Sunday Assembly: Wendy's story
Wendy, 74, lives in Woodley and has been a regular at Sunday Assembly since 2016. She first discovered it on the website Streetlife (now Nextdoor) in the era when assemblies were held at the Purple Turtle. “I was really nervous the first time I came,” she tells me. “But I found that everyone was so lovely and welcoming – especially Eddie.”
Wendy was finding her feet at this time having recently become widowed. “I didn’t stay behind to chat the first couple of times, but when I finally did, I enjoyed it much more. I got friendly with Rachel and started helping her with welcoming people – I really liked doing that.”
One of the things she finds most attractive about Sunday Assembly is the variety of people she meets there. “Generally they are quite different from the type of folk I usually mix with - some are quite way out! I like the mixed age group and I get to meet children again.”
In her married life, Wendy feels she didn’t do many things that were ‘different’. “Danny and I were a bit fuddy duddy really. We’d do trips to the seaside sometimes, or visit family.”
Wendy was social secretary of Woodley Women’s Club for several years arranging day trips and holidays. Danny would drive her to the various venues to check them out. This was a lot of fun and they got to meet other group organisers. Not being a confident driver herself it became too difficult to continue with the job alone after his death.
I tell her that I can hardly imagine how awful she must feel at losing her partner. “It’s his company I miss most. I don’t like being home on my own all the time.”
Wendy has been finding plenty of new things to do in the last few years. She belongs to a group called Way Up – a sister group to WAY (Widowed and Young) – for the over 50s. This is a support group that focuses on rebuilding lives, finding friendships and rediscovering happiness. Then there are the U3A MOTO (members on their own) groups, which organise outings to a variety of places and activities. She’s also a member of the local WI and she sings in the Oddfellows choir.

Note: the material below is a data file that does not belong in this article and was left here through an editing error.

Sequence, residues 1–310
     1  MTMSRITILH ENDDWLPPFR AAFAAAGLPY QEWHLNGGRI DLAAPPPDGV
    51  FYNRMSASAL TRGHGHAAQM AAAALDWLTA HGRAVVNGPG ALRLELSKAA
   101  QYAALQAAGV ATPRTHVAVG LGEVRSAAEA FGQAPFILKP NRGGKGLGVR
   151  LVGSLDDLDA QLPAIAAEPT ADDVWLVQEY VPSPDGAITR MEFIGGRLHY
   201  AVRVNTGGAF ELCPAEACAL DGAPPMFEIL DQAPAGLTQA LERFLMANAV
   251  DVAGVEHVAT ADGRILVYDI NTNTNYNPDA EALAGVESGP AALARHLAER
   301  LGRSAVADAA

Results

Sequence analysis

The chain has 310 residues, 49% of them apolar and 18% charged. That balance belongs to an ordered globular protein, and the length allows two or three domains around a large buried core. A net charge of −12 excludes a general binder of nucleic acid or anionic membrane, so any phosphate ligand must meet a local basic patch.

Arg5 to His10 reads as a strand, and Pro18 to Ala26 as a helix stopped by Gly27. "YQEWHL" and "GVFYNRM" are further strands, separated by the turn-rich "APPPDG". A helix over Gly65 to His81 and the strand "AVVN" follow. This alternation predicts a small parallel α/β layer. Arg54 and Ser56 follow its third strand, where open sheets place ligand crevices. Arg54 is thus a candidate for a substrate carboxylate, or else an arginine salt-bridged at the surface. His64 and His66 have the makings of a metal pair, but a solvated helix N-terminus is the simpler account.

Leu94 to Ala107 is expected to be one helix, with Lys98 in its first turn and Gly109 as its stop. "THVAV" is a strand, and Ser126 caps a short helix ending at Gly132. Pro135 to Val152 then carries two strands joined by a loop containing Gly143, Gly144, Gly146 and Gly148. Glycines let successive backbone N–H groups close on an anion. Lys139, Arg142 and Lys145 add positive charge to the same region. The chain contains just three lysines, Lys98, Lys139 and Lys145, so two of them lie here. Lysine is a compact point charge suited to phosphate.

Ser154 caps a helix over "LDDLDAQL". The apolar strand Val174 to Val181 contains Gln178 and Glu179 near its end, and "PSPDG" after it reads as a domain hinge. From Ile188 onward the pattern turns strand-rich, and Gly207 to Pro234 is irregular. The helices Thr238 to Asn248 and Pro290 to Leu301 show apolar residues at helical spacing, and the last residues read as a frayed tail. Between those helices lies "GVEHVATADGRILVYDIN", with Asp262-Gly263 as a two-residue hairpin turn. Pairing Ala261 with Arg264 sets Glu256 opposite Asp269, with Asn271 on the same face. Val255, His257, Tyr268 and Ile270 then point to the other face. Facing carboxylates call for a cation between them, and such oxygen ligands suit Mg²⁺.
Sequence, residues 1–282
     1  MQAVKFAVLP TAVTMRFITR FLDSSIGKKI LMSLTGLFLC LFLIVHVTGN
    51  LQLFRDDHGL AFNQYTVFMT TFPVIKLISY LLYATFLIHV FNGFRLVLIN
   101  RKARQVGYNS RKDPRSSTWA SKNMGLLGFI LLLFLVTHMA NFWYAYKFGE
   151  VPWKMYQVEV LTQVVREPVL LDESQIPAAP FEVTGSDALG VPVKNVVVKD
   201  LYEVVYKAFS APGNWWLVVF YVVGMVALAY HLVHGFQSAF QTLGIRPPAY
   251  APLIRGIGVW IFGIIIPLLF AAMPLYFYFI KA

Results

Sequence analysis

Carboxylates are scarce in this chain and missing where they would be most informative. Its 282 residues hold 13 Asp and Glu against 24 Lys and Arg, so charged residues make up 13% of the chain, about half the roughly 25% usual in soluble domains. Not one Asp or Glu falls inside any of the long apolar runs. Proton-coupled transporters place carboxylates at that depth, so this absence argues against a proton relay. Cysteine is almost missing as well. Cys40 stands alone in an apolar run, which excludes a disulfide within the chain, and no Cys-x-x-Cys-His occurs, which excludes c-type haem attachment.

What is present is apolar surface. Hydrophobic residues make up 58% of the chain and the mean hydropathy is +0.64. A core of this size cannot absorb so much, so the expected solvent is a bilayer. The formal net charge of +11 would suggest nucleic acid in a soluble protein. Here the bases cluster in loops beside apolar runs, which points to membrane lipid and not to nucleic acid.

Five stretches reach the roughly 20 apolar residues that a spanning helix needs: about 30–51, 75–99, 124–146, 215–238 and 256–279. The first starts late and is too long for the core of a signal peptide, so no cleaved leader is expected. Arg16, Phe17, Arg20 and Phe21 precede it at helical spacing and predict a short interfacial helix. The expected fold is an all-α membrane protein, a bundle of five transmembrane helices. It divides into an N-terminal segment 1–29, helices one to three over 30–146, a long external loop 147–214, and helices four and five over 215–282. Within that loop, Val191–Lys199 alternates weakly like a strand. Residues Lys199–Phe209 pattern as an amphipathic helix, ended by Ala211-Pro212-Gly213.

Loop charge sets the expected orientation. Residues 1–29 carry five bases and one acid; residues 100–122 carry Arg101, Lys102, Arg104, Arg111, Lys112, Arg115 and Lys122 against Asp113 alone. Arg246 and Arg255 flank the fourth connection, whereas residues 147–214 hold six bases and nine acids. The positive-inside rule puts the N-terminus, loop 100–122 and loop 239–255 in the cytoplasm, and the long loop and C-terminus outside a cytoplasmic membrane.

I ask her if religion has ever featured in her life, and she tells me that she used to be a Jehovah’s Witness. “This was when I was in my early 20s when my children were babies”, she says. “I remained for about 20 years until one day I realised that although I loved the people and the social side, I no longer believed the message. The decision to leave was one of the hardest I ever made. It was like a bereavement.”
What are the things she likes best about Sunday Assembly? “I’m not really much of a one for talks,” she says with a laugh. “It’s the before and after bits I like best, when you get a chance to chat to people - and singing along with the band.” She’s full of praise for the band. “Everyone is so talented and generous with their time. Amy on her saxophone is adorable, and I just love Kate and Sam’s singing.”
And the cakes? She bursts out laughing. “That depends whose cakes you’re eating!” She’s referring to her recent forays into vegan baking. Despite the self-deprecating jokes she makes about her creations, her carrot cake and mushroom rolls have been favourites at the after-assembly refreshments for several months.
“I 100% enjoy the assembly and look forward to it every month,” she says as we finish our coffee. “I don’t understand why it’s so hard to get more people to come.”
We discuss the possible reasons. That people get the wrong idea of what it’s about. They assume it’s religious or some kind of a cult despite it being very much not.
And that’s one of the reasons we’re doing this series of interviews – to show what Sunday Assembly means to the people who enjoy it. Why not be more like Wendy, overcome your reservations and give it a try?